Sunday, 6 April 2014

The Lost Tomb of Sir George Gellatly

Museums tell stories and display things.
Some stories and things are real, they can be authenticated, and others, well...

Introducing the Lost Tomb of Sir George Gellatly, found in the garden of the Nunhead and District Municipal Museum and Art Gallery.
A brilliant pop-up museum created for the Telegraph Hill Festival 2014

Sir George Gellatly's mausoleum was discovered at the end of this garden in Nunhead, SE London.

This way...

In we go...

His tomb.

Before you enter, those of a nervous disposition please take note...

His final resting place.

Here is Sir George in better health.

Like all good mausoleums,
there should be... music.

and "marble carving in the Italianate style, depicting George's wild and extravagant life."

Objects from round the world, collected by Sir George fill display cabinets.

 I even got to see behind the scenes, where curators had been hard at work.

 Like all good museums,

an engaging series of lectures had been planned,

a museum cafe opened,

and a shopping opportunity provided,
selling unique branded products.

We bought a DIY "Commemorative Display Bone Kit".

The Nunhead and District Museum and Art Gallery began in 2009,
open for two days every year during the Telegraph Hill Festival.

From previous years,
here are the Catacombs discovered under the floorboards in 2009,
opened to the public in 2010.
"They are 100 feet deep,
the site hasn't been fully excavated yet,
as we haven't had permission from the local authority."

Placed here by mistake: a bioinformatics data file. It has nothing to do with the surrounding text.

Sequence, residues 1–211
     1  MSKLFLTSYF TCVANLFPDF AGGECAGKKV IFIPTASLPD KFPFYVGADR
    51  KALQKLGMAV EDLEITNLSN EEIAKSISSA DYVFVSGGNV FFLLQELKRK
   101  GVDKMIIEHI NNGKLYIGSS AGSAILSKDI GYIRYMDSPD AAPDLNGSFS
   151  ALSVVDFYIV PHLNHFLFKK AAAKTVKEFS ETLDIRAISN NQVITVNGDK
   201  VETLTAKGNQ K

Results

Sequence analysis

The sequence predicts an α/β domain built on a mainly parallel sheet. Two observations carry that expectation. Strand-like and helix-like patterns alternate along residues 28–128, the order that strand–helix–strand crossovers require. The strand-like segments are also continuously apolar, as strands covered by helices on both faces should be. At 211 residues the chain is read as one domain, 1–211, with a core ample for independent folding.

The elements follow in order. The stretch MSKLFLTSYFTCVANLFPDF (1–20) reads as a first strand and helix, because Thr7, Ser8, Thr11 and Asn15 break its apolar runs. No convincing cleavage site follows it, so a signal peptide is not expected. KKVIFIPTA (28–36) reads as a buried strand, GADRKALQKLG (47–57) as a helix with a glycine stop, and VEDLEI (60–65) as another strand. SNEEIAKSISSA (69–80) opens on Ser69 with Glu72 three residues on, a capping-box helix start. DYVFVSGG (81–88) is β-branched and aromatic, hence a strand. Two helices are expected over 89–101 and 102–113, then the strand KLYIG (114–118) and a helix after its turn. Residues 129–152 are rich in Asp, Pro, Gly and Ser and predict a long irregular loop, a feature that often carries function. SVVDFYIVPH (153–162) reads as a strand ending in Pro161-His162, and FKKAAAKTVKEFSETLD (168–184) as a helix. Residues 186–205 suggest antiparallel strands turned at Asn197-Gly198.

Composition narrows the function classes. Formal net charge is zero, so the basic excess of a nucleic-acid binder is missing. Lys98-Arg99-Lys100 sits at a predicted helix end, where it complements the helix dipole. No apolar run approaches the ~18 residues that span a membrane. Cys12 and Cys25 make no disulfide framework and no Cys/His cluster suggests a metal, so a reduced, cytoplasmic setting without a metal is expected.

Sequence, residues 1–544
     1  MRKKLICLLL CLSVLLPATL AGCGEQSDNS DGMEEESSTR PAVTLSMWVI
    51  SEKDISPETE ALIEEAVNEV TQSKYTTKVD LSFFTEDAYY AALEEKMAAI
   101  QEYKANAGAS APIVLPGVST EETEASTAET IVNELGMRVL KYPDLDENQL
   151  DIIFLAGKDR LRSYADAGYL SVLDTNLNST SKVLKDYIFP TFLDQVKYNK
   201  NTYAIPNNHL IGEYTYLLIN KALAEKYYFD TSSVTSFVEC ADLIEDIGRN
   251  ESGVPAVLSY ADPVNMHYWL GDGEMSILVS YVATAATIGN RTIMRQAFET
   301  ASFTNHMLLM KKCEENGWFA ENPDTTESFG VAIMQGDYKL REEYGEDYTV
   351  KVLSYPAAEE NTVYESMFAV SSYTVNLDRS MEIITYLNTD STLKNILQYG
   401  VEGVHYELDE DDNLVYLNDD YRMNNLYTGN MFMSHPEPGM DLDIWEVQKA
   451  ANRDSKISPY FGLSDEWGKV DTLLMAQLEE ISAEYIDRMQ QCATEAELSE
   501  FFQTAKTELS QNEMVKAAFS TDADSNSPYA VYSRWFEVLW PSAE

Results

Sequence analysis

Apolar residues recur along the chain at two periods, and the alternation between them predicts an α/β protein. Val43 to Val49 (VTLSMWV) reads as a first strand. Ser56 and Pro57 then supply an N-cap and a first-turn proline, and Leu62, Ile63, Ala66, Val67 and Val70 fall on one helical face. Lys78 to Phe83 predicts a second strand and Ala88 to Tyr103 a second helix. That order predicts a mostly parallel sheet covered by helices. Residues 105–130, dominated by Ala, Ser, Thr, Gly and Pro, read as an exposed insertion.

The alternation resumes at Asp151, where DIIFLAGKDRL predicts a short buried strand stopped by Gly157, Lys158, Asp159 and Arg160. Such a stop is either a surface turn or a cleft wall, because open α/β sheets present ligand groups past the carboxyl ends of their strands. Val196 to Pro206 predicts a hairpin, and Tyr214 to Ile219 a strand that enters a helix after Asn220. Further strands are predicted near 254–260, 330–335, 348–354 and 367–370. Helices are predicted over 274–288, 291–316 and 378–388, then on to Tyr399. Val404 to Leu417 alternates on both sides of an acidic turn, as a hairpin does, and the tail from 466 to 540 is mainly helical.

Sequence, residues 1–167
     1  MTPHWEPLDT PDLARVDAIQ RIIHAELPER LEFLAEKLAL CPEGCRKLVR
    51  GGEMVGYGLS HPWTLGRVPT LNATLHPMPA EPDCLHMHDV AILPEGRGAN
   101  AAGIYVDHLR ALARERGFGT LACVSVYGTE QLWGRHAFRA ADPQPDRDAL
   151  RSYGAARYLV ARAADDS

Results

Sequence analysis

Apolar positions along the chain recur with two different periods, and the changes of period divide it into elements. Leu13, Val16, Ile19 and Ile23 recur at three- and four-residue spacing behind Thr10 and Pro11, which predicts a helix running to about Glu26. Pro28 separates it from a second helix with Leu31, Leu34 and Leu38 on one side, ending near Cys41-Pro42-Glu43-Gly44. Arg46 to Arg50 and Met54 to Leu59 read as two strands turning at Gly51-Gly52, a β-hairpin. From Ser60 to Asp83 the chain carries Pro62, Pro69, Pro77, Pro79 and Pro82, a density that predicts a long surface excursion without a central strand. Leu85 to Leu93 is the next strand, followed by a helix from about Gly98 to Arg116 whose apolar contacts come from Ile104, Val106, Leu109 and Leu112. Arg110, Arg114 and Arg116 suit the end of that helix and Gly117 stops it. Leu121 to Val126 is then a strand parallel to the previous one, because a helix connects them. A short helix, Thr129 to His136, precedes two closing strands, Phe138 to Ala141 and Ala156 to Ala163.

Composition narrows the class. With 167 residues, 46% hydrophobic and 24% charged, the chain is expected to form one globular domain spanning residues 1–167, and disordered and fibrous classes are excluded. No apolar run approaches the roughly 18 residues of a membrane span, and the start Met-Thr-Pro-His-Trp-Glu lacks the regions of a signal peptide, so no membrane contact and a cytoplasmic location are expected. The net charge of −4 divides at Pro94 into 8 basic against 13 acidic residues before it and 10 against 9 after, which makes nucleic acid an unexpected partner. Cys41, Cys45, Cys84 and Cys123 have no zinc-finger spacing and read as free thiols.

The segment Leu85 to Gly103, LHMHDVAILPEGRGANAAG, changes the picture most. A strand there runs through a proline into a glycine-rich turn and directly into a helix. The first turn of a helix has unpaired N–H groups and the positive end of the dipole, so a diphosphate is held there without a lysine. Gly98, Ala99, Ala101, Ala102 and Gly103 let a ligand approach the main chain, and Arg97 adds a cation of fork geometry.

I believe that last year the bodies weren't in such an advanced state of deterioration and looked remarkably like Barbies.

The inspiration behind this unique museum I am told, was a visit, years ago, to a municipal museum in Keswick, Cumbria, where, "objects from different collections were all mixed up, everything displayed together, wooden display cabinets, difficult to read handwritten signs, but all about to be revamped, modernised to meet with health and safety requirements and be brought up to date".

So this is a homage to museums in times gone by, yet it is incredibly innovative, energetic and forward thinking.

Such a fabulous municipal museum and art gallery.
I'll leave the last word to the curators...

"Would you like a tomb in your garden?
Let the museum know and you can have this one."

Open 5th and 6th April 2014. part of Telegraph Hill Festival open studios.
You have probably missed it for this year, but put it in your diary for next year, what will the future bring?
Or even better, start collecting and create your own  museum. I'll visit.

If you know of any other pop-up museums, please leave a comment.

1 comment:

  1. We had a brilliant educational visit to the museum today, my children learnt so much, such a shame it is going to be redeveloped as a Tesco Metro. Here's hoping they beat the developers and can return next year.
    Their plight reminds me of the Prefab Museum in Downham, also a pop-up museum documenting local history at risk of development. Another place to visit before it's gone.!/p/the-prefab-museum


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